In soccer, there are several ways that a goal can be won.

Goal differential has frequently taken the role of the previous goal average or goal ratio. The number of goals scored divided by the number of goals surrendered is referred to as the "goal average." But while goal average reflects only how well a team is performing relative to its opponents, goal difference compares that performance to what was expected.

In short, goal difference tells you how many more/less goals a team has than its opponents, whereas goal average only shows you where one team is scoring more/less goals than another.

For example, if Team A has a goal average of 0.4 and Team B has a goal average of 0.7, then it can be seen that Team B is performing better than expected given their goal tally. However, if Team A had a goal average of 0.9 then they would also be above expectation with respect to scoring goals.

Similarly, if Team A has **a goal difference** of **+1 and Team B** has a goal difference of -1, then it can be seen that Team B is performing better than expected given **their goal tally**. However, if Team A had a goal difference of +3 then they would also be above expectation with respect to losing games.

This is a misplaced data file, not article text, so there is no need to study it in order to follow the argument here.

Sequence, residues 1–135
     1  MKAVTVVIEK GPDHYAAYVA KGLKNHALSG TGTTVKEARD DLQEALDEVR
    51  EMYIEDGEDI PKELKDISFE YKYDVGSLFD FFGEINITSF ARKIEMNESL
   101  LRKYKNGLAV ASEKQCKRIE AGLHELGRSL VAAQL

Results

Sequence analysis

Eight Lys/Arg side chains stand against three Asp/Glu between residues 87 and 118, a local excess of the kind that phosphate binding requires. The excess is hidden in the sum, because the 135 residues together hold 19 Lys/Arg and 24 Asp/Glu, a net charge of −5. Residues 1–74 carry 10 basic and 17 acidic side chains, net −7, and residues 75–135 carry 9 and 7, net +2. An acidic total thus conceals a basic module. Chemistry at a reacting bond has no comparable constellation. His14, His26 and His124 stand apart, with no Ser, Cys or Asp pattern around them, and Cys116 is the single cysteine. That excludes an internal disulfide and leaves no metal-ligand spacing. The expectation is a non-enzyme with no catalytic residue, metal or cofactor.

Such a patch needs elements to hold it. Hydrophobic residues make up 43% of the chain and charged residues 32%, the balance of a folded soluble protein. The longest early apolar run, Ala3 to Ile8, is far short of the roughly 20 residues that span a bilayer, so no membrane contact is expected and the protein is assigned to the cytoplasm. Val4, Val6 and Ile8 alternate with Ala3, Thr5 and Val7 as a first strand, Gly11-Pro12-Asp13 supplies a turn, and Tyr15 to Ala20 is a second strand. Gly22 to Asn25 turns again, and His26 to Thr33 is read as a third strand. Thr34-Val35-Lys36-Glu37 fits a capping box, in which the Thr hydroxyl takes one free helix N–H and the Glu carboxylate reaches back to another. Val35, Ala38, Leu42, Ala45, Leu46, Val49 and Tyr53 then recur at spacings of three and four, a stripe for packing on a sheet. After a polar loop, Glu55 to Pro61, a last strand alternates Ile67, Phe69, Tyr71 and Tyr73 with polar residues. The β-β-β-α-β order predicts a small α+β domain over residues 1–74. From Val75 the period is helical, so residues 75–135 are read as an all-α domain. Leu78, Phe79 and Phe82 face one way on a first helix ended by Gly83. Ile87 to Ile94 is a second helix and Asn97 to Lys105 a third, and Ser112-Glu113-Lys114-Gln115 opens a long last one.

If the total points scored and goal differentials of two or more teams are both identical, goals scored are sometimes used as a supplementary tiebreaker, with the team scoring the most goals prevailing. If two or more teams finish with **the same number** of points, the team with the greater goal difference will finish first. The goal difference is calculated by subtracting the number of goals that a team has scored from the number of goals that they have allowed.

In league games (i.e., games that determine a place in the table), goal difference is commonly used to separate ties. For example, if there are three matches each with the same result (i.e., each match ends in a 1-1 draw), those matches would be declared a tie because they all have an equal goal difference. In such cases, some form of statistical analysis may be used to decide which team should win.

In knockout competitions or during penalty kicks, goal difference is important for determining the final outcome because it is based on **how many goals** a team scores versus how many they allow. For example, if a team allows one goal but scores two, they would have **a +1 goal difference** despite having given away the game. Conversely, if a team scores two goals but allows none, they would have a -2 goal difference even though they had won.